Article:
Presentation on theme: "Chapter 2: Modeling Distributions of Data"— Presentation transcript:
1Chapter 2: Modeling Distributions of Data Section 2.1Describing Location in a DistributionThe Practice of Statistics, 4th edition - For AP*STARNES, YATES, MOORE
2Chapter 2 Modeling Distributions of Data 2.1 Describing Location in a Distribution2.2 Normal Distributions
3Section 2.1 Describing Location in a Distribution Learning ObjectivesAfter this section, you should be able to…MEASURE position using percentilesINTERPRET cumulative relative frequency graphsMEASURE position using z-scoresTRANSFORM dataDEFINE and DESCRIBE density curves
4Describing Location in a Distribution Measuring Position: PercentilesOne way to describe the location of a value in a distribution is to tell what percent of observations are less than it.Describing Location in a DistributionDefinition:The pth percentile of a distribution is the value with p percent of the observations less than it.6 79 03Jenny earned a score of 86 on her test. How did she perform relative to the rest of the class?Example, p. 85Her score was greater than 21 of the 25 observations. Since 21 of the 25, or 84%, of the scores are below hers, Jenny is at the 84th percentile in the class’s test score distribution.6 79 03
5Describing Location in a Distribution Cumulative Relative Frequency GraphsA cumulative relative frequency graph (or ogive) displays the cumulative relative frequency of each class of a frequency distribution.Describing Location in a DistributionAge of First 44 Presidents When They Were InauguratedAgeFrequencyRelative frequencyCumulative frequencyCumulative relative frequency40-4422/44 = 4.5%2/44 =4.5%45-4977/44 = 15.9%99/44 = 20.5%50-541313/44 = 29.5%2222/44 = 50.0%55-591212/44 = 34%3434/44 = 77.3%60-644141/44 = 93.2%65-6933/44 = 6.8%4444/44 = 100%
6Describing Location in a Distribution Interpreting Cumulative Relative Frequency GraphsUse the graph from page 88 to answer the following questions.Was Barack Obama, who was inaugurated at age 47, unusually young? What is his percentile?Estimate and interpret the 65th percentile of the distributionDescribing Location in a Distribution65115847
7Describing Location in a Distribution Measuring Position: z-ScoresA z-score tells us how many standard deviations from the mean an observation falls, and in what direction.Describing Location in a DistributionDefinition:If x is an observation from a distribution that has known mean and standard deviation, the standardized value of x is:A standardized value is often called a z-score.Jenny earned a score of 86 on her test. The class mean is 80 and the standard deviation is What is her standardized score?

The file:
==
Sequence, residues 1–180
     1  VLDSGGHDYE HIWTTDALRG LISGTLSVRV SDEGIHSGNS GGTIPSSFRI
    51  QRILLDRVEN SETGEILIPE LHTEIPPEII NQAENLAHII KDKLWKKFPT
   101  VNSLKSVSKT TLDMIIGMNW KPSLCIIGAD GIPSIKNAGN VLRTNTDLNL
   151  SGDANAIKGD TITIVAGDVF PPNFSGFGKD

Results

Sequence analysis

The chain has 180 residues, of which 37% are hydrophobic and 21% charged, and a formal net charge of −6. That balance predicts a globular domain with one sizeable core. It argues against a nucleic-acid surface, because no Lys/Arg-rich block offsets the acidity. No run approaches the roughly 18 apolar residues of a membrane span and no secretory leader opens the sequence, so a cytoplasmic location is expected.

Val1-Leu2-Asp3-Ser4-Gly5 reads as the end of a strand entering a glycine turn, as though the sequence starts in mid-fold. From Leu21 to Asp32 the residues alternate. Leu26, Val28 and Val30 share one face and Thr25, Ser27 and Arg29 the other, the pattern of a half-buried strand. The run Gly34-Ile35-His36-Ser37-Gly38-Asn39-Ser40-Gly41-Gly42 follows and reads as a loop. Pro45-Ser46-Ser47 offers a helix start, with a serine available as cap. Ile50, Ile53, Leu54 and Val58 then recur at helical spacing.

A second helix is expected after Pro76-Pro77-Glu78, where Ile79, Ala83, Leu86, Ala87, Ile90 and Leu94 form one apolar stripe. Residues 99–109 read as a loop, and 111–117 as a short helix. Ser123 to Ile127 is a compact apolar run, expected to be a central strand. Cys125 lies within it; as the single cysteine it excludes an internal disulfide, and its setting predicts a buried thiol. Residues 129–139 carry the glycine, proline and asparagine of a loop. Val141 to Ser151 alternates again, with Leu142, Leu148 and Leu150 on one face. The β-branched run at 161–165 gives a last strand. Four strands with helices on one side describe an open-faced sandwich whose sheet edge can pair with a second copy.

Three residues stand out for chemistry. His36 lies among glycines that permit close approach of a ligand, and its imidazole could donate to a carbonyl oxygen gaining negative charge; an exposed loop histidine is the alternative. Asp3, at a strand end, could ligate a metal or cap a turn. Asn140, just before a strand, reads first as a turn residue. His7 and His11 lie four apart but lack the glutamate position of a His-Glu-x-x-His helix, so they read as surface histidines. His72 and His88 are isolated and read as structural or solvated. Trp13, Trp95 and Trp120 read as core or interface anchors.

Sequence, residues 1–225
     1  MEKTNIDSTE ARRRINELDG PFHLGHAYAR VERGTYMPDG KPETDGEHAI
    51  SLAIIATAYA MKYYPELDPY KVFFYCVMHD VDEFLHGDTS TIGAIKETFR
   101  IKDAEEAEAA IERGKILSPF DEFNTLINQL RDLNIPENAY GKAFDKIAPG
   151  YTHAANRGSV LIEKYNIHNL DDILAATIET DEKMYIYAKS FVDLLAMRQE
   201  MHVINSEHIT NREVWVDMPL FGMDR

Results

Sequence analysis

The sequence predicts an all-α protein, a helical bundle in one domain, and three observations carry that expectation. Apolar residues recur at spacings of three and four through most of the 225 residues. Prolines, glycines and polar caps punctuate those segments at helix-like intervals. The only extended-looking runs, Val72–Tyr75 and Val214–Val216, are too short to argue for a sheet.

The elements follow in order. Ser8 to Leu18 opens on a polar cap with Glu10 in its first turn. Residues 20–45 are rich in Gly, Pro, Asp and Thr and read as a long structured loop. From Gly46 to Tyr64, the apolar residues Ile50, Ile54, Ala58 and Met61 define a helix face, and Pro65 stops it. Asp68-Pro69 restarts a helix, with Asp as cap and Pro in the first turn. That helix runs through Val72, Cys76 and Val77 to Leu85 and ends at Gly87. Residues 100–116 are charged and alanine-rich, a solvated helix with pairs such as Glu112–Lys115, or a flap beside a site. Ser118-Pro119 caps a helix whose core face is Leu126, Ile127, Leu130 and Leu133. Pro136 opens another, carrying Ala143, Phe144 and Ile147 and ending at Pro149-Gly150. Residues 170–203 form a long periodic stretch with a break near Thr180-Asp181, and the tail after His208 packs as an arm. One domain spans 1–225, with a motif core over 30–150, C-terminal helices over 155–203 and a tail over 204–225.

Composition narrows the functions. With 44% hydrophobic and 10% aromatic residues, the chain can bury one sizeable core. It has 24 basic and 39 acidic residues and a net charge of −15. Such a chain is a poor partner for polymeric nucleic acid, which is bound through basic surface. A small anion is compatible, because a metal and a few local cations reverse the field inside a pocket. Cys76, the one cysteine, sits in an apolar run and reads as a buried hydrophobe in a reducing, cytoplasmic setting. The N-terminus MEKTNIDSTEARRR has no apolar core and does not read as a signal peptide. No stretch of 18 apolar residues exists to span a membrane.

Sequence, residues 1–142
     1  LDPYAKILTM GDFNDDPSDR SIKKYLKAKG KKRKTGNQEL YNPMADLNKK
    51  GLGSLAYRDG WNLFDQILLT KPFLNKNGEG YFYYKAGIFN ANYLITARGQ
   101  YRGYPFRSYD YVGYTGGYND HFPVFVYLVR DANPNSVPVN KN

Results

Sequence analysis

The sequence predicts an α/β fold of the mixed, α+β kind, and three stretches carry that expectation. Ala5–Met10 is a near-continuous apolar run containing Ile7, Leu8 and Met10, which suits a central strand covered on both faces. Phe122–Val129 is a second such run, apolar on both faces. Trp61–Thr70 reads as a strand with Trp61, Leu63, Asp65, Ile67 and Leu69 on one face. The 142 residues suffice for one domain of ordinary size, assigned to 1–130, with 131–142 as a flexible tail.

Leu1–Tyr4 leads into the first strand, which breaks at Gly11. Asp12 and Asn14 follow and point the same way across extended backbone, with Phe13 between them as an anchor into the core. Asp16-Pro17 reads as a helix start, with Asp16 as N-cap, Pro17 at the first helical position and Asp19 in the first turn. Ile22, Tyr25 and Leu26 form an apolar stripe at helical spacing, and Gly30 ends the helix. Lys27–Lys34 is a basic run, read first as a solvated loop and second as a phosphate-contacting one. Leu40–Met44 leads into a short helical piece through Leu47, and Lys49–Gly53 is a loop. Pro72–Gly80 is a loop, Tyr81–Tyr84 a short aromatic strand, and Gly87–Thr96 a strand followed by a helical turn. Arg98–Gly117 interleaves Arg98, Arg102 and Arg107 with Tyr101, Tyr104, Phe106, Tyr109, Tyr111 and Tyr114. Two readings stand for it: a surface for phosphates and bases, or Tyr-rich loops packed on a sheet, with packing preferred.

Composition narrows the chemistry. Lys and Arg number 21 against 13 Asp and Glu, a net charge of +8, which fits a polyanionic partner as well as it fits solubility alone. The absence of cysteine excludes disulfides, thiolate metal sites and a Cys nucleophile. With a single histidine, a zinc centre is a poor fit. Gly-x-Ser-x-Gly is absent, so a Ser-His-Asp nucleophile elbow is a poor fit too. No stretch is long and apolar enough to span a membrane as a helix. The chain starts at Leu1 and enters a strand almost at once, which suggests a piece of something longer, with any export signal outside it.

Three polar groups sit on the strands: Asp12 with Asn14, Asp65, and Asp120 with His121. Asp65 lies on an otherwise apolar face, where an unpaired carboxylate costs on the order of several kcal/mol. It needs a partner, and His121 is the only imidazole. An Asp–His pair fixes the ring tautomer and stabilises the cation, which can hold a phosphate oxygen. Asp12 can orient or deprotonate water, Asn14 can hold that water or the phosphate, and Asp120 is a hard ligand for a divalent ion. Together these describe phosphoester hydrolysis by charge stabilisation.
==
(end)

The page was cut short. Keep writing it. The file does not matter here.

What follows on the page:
8Describing Location in a Distribution Using z-scores for ComparisonDescribing Location in a DistributionWe can use z-scores to compare the position of individuals in different distributions.Example, p. 91Jenny earned a score of 86 on her statistics test. The class mean was 80 and the standard deviation was She earned a score of 82 on her chemistry test. The chemistry scores had a fairly symmetric distribution with a mean 76 and standard deviation of 4. On which test did Jenny perform better relative to the rest of her class?
9Describing Location in a Distribution Transforming DataDescribing Location in a DistributionTransforming converts the original observations from the original units of measurements to another scale. Transformations can affect the shape, center, and spread of a distribution.Effect of Adding (or Subracting) a ConstantAdding the same number a (either positive, zero, or negative) to each observation:adds a to measures of center and location (mean, median, quartiles, percentiles), butDoes not change the shape of the distribution or measures of spread (range, IQR, standard deviation).Example, p. 93nMeansxMinQ1MQ3MaxIQRRangeGuess(m)4416.027.14811151740632Error (m)3.02-5-22427